Now when it comes to Mose himself, over the years he has kept telling everyone who will listen, a story about my swearing to stay in Belize City and then running to Cayo last minute. But, I could not possibly have foreseen the rancor between my friend’s son and my daughter, plus, when I decided to split, I was leaving Mose and Michael, my youngest son, in a veritable hurricane shelter – Kremandala’s three-storey ferro-concrete building on Partridge Street.

There had been a major sabotage attack on the KREM Radio broadcast tower on the said Partridge in February of 1998, eight months earlier, and we had no confidence in our tower’s ability (it was 190 feet high at the time) to withstand Mitch. We are in a residential area, so we decided to dismantle our tower. Rene Villanueva and Love FM made a big name for themselves during Mitch, because a damaged KREM was missing in action.

Anyway, when my wife and I reached San Ignacio/Santa Elena going for 1:30 the afternoon, we decided to drive to Cahal Pech and see if Dan Silva had any space. He did, in a new construction on the top floor, but warned that if the hurricane came we would have to come downstairs. The room was a godsend, compared to sleeping on Marcelina’s floor, but after settling in we drove over the Hawkesworth to Santa Elena to tell her thanks for the offer anyway.

We left Marcelina’s around 3:30 the afternoon to return to Cahal Pech, but one of Marcelina’s relatives asked us to drop him home across the bridge in San Ignacio. Well, the kindness led to big time stress.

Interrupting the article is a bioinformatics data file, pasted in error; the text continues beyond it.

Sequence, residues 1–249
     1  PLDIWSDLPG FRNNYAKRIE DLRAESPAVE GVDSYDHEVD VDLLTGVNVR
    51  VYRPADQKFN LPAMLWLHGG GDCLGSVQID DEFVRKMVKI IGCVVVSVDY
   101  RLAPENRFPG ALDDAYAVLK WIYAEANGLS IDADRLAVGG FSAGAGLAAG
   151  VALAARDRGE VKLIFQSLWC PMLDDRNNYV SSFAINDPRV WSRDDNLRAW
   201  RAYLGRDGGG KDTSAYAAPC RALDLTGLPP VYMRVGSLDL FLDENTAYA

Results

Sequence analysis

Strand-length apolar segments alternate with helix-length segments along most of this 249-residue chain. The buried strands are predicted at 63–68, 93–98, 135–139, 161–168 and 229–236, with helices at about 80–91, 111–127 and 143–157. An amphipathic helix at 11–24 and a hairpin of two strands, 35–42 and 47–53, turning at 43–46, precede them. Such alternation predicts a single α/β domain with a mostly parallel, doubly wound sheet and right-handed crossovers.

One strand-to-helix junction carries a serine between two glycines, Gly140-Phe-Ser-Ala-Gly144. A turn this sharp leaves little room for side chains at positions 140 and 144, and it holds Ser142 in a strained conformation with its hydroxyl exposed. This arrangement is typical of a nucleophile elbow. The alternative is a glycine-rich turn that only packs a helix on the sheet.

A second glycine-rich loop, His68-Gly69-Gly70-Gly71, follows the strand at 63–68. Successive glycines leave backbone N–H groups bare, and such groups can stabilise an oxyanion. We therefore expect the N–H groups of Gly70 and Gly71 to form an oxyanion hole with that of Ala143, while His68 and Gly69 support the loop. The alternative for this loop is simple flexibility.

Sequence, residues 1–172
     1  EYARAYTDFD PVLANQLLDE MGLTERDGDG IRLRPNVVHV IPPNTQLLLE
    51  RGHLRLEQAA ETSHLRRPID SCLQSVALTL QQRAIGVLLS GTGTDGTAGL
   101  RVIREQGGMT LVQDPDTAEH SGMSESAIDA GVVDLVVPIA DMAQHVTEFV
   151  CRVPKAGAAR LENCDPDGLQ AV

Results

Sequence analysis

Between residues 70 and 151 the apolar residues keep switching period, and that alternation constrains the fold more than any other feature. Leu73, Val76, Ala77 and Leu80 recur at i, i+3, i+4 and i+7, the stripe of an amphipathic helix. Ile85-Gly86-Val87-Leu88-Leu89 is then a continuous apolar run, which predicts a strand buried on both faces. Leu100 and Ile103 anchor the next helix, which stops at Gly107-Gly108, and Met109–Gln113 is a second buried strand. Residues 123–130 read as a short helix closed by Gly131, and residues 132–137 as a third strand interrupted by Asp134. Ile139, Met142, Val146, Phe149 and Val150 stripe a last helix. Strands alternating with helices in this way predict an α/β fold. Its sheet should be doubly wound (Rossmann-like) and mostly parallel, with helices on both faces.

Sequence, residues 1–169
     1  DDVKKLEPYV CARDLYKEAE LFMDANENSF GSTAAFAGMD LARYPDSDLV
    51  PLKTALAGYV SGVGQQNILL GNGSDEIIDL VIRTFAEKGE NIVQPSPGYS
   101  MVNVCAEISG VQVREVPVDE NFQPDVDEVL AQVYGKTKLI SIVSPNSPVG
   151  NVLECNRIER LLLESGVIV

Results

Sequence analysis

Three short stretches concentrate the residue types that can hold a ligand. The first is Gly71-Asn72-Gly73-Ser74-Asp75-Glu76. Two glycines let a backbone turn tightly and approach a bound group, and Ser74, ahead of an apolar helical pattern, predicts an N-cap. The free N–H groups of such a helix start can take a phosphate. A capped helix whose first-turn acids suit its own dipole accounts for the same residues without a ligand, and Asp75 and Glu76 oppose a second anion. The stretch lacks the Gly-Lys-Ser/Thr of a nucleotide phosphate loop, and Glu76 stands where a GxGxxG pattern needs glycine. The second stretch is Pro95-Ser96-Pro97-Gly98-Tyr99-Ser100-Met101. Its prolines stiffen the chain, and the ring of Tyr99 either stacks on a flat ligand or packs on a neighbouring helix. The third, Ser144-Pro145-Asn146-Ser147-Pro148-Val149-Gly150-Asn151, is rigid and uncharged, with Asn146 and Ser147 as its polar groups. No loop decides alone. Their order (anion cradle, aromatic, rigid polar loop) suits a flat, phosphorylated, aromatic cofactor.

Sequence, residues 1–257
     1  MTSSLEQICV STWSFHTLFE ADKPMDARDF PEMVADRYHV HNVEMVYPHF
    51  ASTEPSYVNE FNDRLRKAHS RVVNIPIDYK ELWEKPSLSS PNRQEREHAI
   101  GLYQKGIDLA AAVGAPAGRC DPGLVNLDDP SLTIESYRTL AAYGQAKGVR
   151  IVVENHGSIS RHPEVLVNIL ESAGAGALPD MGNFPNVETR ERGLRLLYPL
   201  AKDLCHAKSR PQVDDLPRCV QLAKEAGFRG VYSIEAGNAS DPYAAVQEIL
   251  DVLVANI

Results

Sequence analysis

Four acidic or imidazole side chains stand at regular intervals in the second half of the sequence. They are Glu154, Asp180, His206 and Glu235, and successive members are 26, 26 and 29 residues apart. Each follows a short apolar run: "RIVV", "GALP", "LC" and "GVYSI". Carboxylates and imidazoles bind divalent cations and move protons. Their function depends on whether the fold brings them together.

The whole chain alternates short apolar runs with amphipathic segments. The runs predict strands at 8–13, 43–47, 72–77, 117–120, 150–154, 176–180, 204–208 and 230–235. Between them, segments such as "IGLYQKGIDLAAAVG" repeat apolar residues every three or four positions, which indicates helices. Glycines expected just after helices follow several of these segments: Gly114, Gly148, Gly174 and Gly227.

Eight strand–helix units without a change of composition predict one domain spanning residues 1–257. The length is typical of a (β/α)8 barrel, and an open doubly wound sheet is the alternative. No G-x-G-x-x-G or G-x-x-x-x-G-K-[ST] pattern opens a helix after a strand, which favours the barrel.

When you are leaving San Ignacio, at the front of the Cahal Pech hill, headed west to the outskirts of San Ignacio and to Benque Viejo, there is a large gas station on your left. A quarter mile or more out of San Ignacio on the right side of the road, there are a lot of dwelling houses, but you have to descend steeply, into a kind of gully. This was where our passenger lived. The F-150 did not have four-wheel drive, and the gully road was slippery. I could not climb back up to the highway. If you remember Mitch, it started getting dark from around 4 that Tuesday afternoon.

Mose disagrees vehemently with me, but to the best of my recollection, Mitch started moving away from Belize and south to Honduras between 1:30 and 2:00 the afternoon. In other words, by the time my wife and I got stuck in that gully with dark setting in along with a drizzle, we were safe from Mitch but did not know it. Nevertheless, a personal drama began in that dark gully because I had to leave Mrs. Hyde alone in the truck and head back to Cahal Pech to get help. But, that would be another story for another time.

I think Keith came after Mitch, and then Iris threatened us around 2001, if I remember correctly. By the time of Iris, running to Dan Silva’s Cahal Pech had become a routine for me and Mrs. Hyde when hurricane time. Well, a crack addict who used to deliver butane gas to our home, picked up on our movements. He recruited a guy just out of jail and by the early evening of Iris he had broken into our home while we were at Cahal Pech. He and his accomplice hustled a truck after their first trip with our household effects, and were coming back to empty our home when a neighbor tipped off Mose, who was covering the hurricane that time at KREM Radio. That was my Iris stats. Needless to say, another story for another time.

In conclusion, I would remark on how speedily we hurricane-vulnerable Belizeans recover from our fear and panic once we get the sense that everything is clear. If you’ve left your home, you see, you have to rush back as fast as you can to protect same. This is probably the main reason why some Belizeans take long to run for shelter. There are predatory Belizeans (not Ashcroft) who make their own hurricane plans: these are those who pray for big storms. For real.

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Eden Cruz